Two Fun Stats Activities for Middle School Math

A MiddleWeb Blog

I teach AP Statistics and I love it! But before I started teaching AP Statistics, back when I was teaching Algebra I, I always dreaded the end of the year when we reached the stats part of our course of study. I just didn’t do it enough to feel comfortable with it.

So I thought it might be helpful if I shared some activities I’ve discovered that I think go along well with the stats standards for the middle grades (6th and 8th specifically).

The activities I am sharing are ones I have personally used, and that my students seemed to like. I’ve also included the student handouts that go with each activity.

Scatter Plots and Bivariate Data: Candy Grab

8.SP.A: Construct and interpret scatter plots for bivariate measurement data to investigate patterns of association between two quantities, describing patterns in terms of positive, negative, or no association, linear and non-linear association, clustering, and outliers.

MA19.8.19: Given a scatter plot that suggests a linear association, informally draw a line to fit the data, and assess the model fit by judging the closeness of the data points to the line.

Student handout – Candy Grab

For this standard I like the candy grab activity. This lesson has students constructing a scatterplot with their data and describing the patterns they see. I tried it for the first time this year, and my students liked it.

The gist is this: students are presented with a large jar of Starbursts. The question is asked, “Do you think that a person with larger hands will be able to grab more Starbursts?”

  • Allow students time to discuss the question. The conversation can help students start to understand the concept of positive and negative association.
  • Students will then measure their hands. Students need to be carefully instructed as to how to measure their hands. Consistency is key.
  • Once hands are accurately measured, students are allowed to grab from the Starburst jar. There also needs to be consistency when reaching in for candy. I had my students hold their hand straight out, lower their hand into the jar, and then grab the candy. The main thing is all students do it the same way.

The candy grab is a lot of fun because some students with smaller hands will grab a lot of candy and some with larger hands will surprise themselves by grabbing less.

After all the measurements have been recorded, students will make a scatterplot with the data (handspan on the x axis and number of candies on the y axis). This is an opportunity to remind students of dependent and independent variables.

Once the graph is made, there can be a discussion about what pattern the students see: positive, negative, or no pattern at all. From there students can look for a linear pattern and also have a discussion about outliers.

If time permits, here’s a simple, fun activity online (from the 20th century!) that helps students get an intuitive idea about correlation. My stats students love this activity!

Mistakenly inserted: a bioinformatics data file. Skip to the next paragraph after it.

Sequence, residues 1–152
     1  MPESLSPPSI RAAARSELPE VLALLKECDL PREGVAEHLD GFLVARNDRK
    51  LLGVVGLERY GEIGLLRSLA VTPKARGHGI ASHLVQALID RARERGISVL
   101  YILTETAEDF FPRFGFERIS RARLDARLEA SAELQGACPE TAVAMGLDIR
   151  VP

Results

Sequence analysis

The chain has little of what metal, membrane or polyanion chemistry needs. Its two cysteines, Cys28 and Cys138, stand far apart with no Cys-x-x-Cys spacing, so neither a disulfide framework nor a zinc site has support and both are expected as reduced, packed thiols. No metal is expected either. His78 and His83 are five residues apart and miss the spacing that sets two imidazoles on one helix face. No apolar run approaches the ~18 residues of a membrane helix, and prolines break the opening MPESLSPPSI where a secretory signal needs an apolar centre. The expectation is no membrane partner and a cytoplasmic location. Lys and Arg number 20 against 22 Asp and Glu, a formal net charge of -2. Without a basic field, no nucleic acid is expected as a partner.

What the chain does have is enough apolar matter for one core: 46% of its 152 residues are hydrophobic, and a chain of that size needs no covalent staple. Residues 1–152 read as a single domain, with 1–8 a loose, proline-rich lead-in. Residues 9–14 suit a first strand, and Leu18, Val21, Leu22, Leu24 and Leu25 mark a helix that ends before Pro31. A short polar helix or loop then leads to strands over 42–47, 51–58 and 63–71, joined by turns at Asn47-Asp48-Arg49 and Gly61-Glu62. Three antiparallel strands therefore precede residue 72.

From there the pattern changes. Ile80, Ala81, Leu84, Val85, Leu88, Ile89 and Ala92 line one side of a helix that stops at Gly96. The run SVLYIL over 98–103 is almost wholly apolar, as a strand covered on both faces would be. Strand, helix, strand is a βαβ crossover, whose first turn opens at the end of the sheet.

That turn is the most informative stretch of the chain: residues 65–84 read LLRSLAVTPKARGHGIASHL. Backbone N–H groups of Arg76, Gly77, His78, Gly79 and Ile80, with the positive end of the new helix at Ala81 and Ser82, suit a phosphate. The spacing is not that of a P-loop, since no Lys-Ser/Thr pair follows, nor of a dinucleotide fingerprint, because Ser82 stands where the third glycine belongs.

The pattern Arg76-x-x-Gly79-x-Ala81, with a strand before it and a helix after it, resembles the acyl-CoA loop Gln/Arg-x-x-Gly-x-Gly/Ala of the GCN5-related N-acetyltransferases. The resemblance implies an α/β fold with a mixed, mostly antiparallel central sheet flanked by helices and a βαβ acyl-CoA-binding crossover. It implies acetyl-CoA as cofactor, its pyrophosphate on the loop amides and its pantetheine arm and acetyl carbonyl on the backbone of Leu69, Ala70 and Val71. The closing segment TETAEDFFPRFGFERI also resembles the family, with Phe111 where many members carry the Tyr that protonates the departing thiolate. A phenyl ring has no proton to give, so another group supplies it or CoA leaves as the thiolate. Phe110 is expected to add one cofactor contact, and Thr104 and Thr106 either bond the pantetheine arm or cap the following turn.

Find Mean, Median, Mode & More: Cup Stacking

6.SP.5. c. Giving quantitative measures of center (median and/or mean) and variability (interquartile range and/or mean absolute deviation), as well as describing any overall pattern and any striking deviations from the overall pattern with reference to the context in which the data were gathered.

MA19.6.24 Represent numerical data graphically, using dot plots, line plots, histograms, stem and leaf plots, and box plots.

Student handout – Cup Stacking

My students are more engaged when they collect their own data. For this standard I like the “Cup Stacking Challenge.”

  • Students will stack 6 cups as quickly as they can (they get one trial run). Their partner times them as they stack, and then they switch up. There are many, many videos showing cup stacking competitions (who knew?) and I show some of those videos at the beginning of the activity, including this one (!):

Solo cups or Ball aluminum cups will work, but you may find they slide around too much. The “Regulation Stacking Cups” work a lot better. They are not too expensive on Amazon; they cost about $10 for 12 cups. If you want to get really fancy you can buy the sets that have the regulation mat and timer with it!

  • After the classroom data has been collected, students can calculate the mean, median, and standard deviation. They can also look at the shape of the distribution and tell what they notice. Are there any clusters of data? Are there any outliers?
  • Since this activity generally has outliers, it can be a good time to talk about how outliers affect the mean. Students can calculate the mean with and without the outliers, and they should start to notice what effect outliers have on the mean.
  • In a follow up lesson the students can take this data and create a box plot or stem and leaf graph with the data from the activity.

More Stats Activities

In my Algebra 2 class, we start our unit on statistics tomorrow. This year I am very excited! If anyone wants an idea for an activity for a standard I didn’t mention, please just leave me a comment and I will be glad to share any activity for that standard that I have. And please leave your own stats ideas in the comments, too!


Michelle’s wildly popular 2021 blog post:
3 Fun Activities for Teaching Statistics
for some additional middle school ideas.

Michelle Russell

Michelle Russell (@michel1erussel1) is a math teacher at Florence (AL) High School. She began her career as a student teacher in middle school and has taught students from 7th to 12th grade. For the past 13 years, she's taught high school math, including Algebra IB, Algebraic Connections, Pre-Calculus, AP Statistics, Algebra with Finance, and Algebra 2 with Trigonometry. In her free time, she enjoys reading books about math education and following other teachers on Twitter.

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